The songs collected on ‘Zero Experience’ highlight this instinctive and personal approach. “These are situations that I’ve been through and stuff in my life story. How I felt about situations that have gone on and about life in general, which is why I called it ‘Zero Experience’,” she explains. “No one has an absolute clue what they’re doing in life. No one does. It’s a misconception in society that everyone knows what they’re doing. There’s a lot of pressure on adolescents and kids in school as well as adults to have it all figured out by the time you turn 16, or when you turn 18 or when you turn 21, and you’re supposed to be a proper adult. I’ve never had a clue what I’m doing in any part of my life, and I don’t think I ever will, so I just want people to be ok with that. It’s essentially just my life story.” 

“Who knows what the future holds? I’m just going to keep writing about what I feel”


One of the most important elements of Venbee’s artistry is her capacity for collaboration and fluidity, being able to work with a range of different people, whether it’s established legends in the game like Rudimental or the rising crew of inventive female and non-binary musicians that make up the thrilling Loud LDN collective of which Venbee is a driving force.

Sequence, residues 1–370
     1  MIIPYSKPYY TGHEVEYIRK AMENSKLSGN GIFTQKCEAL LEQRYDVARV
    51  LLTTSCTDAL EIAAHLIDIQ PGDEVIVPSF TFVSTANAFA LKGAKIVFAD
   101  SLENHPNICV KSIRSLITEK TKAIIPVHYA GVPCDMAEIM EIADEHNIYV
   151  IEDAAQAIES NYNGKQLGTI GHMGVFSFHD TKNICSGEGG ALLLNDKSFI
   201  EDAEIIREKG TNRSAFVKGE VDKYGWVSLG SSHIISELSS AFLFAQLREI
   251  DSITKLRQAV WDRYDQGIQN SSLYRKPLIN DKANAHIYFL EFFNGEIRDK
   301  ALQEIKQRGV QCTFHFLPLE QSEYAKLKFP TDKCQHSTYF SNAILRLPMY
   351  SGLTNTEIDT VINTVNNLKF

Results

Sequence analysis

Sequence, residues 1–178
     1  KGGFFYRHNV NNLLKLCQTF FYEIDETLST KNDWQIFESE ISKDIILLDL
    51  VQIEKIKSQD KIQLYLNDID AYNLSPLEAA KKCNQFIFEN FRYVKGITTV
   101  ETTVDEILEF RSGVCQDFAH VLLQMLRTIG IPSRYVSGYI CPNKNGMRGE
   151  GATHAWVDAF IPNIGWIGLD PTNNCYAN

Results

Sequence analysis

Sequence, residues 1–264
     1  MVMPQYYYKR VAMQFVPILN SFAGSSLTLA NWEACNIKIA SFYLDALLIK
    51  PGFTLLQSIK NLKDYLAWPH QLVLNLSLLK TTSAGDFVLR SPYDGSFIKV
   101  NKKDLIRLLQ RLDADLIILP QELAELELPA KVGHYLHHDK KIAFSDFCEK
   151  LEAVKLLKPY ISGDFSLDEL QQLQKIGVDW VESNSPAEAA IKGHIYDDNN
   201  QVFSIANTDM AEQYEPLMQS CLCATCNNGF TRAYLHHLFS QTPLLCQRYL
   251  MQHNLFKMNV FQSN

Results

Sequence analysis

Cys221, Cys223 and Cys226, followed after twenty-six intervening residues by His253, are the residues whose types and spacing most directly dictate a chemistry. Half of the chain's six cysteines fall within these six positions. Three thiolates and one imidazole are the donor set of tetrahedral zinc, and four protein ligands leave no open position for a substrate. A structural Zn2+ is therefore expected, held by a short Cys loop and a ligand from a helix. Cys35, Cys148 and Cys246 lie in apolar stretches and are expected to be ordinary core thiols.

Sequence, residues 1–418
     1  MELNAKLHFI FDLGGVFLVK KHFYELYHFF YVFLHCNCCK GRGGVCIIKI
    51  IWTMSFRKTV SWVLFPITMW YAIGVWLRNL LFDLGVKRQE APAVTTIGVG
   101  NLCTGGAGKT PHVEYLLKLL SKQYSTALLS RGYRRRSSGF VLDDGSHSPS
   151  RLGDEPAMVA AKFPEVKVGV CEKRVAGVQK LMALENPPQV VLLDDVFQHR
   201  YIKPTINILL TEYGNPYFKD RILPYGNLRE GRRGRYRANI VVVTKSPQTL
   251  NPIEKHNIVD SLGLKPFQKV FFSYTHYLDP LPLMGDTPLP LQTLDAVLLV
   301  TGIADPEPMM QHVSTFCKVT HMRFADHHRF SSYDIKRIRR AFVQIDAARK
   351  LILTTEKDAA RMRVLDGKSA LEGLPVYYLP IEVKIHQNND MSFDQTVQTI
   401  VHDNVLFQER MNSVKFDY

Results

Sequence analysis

“When I collaborate with people, I like to give creative freedom,” she says. “I look for good people, and everyone who has collaborated so far with me has become a really good friend of mine. I’ve worked well with them for the last year and a half now. A lot of the time, it’s me writing a song with a couple of friends or even on my own and then going, ‘Okay, who can we send this to to elevate it?’ And that’s how it works.” 

It’s an inspiring time for artists like the Loud LDN collective with a pioneering spirit for musical exploration married to a sharp pop sensibility with everyone lifting each other up. “It’s very exciting for the drum’n’bass community, and I’m so gassed to see some of my friends do really sick things this year. I just get gassed for other people when I see the”Who knows what the future holds? I’m just going to keep writing about what I feel”m doing well. There’s a lot of new music coming out now, and it’s great. The world’s a better place with music.” 

Looking forward to 2024, Venbee has a clear plan for what she wants to achieve. “I’m going to keep releasing music, playing shows and doing what I’m doing, and hopefully, it gets bigger. I’m going to write a lot of songs and then hopefully an album.” 

There’s one ambition she has, but Venbee is typically to the point as she outlines her future dream. “I have goals. My dream is to play Brixton Academy, but there’s no way I’m doing that next year being realistic,” she admits. “I’m very logical with my train of thought, and that’s one thing I feel not many people are like. I’m delusional as fuck, but I’m also very logical. For next year, I’d like to collaborate with some other artists and maybe dive into other fanbases. Just vibe with it and go with the flow.” 

Taken from the December 2023 / January 2024 issue of Dork.